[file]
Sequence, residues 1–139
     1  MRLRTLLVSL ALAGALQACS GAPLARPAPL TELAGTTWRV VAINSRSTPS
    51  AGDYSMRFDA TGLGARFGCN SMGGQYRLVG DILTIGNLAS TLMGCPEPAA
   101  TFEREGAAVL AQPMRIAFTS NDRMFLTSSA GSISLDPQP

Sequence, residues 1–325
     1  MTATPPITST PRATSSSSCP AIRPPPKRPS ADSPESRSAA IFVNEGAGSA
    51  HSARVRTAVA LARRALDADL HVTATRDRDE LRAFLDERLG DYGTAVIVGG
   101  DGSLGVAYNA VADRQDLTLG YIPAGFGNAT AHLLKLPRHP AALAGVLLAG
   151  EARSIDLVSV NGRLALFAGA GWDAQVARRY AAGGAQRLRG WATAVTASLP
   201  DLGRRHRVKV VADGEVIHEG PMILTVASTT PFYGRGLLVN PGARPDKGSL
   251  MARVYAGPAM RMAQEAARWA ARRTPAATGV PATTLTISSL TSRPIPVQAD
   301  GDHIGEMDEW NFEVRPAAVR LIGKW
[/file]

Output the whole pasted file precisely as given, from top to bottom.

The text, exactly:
Sequence, residues 1–139
     1  MRLRTLLVSL ALAGALQACS GAPLARPAPL TELAGTTWRV VAINSRSTPS
    51  AGDYSMRFDA TGLGARFGCN SMGGQYRLVG DILTIGNLAS TLMGCPEPAA
   101  TFEREGAAVL AQPMRIAFTS NDRMFLTSSA GSISLDPQP

Sequence, residues 1–325
     1  MTATPPITST PRATSSSSCP AIRPPPKRPS ADSPESRSAA IFVNEGAGSA
    51  HSARVRTAVA LARRALDADL HVTATRDRDE LRAFLDERLG DYGTAVIVGG
   101  DGSLGVAYNA VADRQDLTLG YIPAGFGNAT AHLLKLPRHP AALAGVLLAG
   151  EARSIDLVSV NGRLALFAGA GWDAQVARRY AAGGAQRLRG WATAVTASLP
   201  DLGRRHRVKV VADGEVIHEG PMILTVASTT PFYGRGLLVN PGARPDKGSL
   251  MARVYAGPAM RMAQEAARWA ARRTPAATGV PATTLTISSL TSRPIPVQAD
   301  GDHIGEMDEW NFEVRPAAVR LIGKW